Last week, I received the endorsement of the Human Rights Campaign. This was a big moment not just for our campaign, but for me personally. I have been fighting as an ally to the LGBTQ movement for decades. While out knocking doors, I’m hearing from voters —Democrats, Republicans, and Independents alike—how urgent this issue feels with the administration’s many assaults on the rights of this community. I’ve had the chance to talk to these voters about my reasons for supporting this movement and why I will continue the fight for my siblings in spirit in Congress, so I wanted to share my story with you as well.
In 1990, I lost a dear friend and classmate, Greg Witcher, to HIV/AIDS. I wrote in our college alumni magazine about the urgency with which we must address the epidemic and fight back against the stigma and homophobia underlying our silence. At the time, AIDS deaths went unreported for this very reason, and it was an honor to lift up my friend’s story and legacy. Greg was a brilliant writer and fighter until the very end, leaving those of us closest to him simultaneously chuckling and crying in the final hours of his life with the whisper of a voice he had left.
Years later, I served on the board of the Michigan AIDS Coalition, reaching out to queer young men of color like Greg to help them avoid or deal with HIV infection. Throughout my career, I have been active on human rights broadly, including doing legal work, investigations, writing, and photography in Haiti, China, Tibet, and here at home. This activism has extended to my friendships as well, such as the honor of being the photographer of what was then an “illegal” wedding of my dear friends Marita and Fran in Maryland in the 1990s, back when many politicians were still “evolving” on the idea of marriage equality.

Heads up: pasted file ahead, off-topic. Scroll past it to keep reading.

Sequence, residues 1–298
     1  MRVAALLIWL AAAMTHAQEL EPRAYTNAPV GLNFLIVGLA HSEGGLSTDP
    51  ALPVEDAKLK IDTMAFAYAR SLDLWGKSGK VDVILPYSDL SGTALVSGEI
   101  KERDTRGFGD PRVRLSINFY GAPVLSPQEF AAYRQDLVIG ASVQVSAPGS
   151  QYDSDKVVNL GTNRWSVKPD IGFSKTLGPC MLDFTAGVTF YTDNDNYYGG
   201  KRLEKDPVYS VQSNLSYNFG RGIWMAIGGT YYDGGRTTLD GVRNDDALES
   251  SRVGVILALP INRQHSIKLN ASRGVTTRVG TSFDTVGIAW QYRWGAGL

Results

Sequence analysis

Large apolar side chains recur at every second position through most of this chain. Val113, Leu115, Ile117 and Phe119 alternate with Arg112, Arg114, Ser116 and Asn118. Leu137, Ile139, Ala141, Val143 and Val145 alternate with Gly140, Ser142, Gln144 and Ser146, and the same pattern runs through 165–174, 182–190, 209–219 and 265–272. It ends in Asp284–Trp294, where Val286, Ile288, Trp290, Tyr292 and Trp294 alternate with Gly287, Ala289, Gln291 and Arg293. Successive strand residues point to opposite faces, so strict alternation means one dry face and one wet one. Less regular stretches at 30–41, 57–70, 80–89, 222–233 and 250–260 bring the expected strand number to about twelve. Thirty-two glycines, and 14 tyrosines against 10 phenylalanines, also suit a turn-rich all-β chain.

I look at the progress we’ve made since Greg’s death alongside the forces that want to undo it at all costs, and I have a renewed energy to fight alongside our allies at the Human Rights Campaign. This president appointed an anti-LGBTQ vice president and removed all mentions of the community and their rights from the White House website within hours of his inauguration, setting the tone for his cruel leadership that includes:
cuts to funding for HIV/AIDS patients domestically and internationally
“License to Discriminate” executive order
appointing multiple anti-equality members to his Cabinet and administration
rescinding protections for transgender students
Weakening a homelessness prevention initiative targeting LGBTQ youth
attempted ban of transgender troops
the confirmation of Neil Gorsuch and the nomination of Brett Kavanaugh to SCOTUS from a shortlist of anti-LGBTQ and anti-choice candidates.
This list reads like a resume of hate and divisiveness, a turning of our backs on some of our most vulnerable citizens. What we need more than ever is to send LGBTQ champions to Congress, to pass the Equality Act, and to stand up to the president’s draconian measures that dishonor our American values of justice and equality for all.
I would be humbled to continue my advocacy for the LGBTQ community as the 9th District’s voice in Congress and as a partner of the Human Rights Campaign.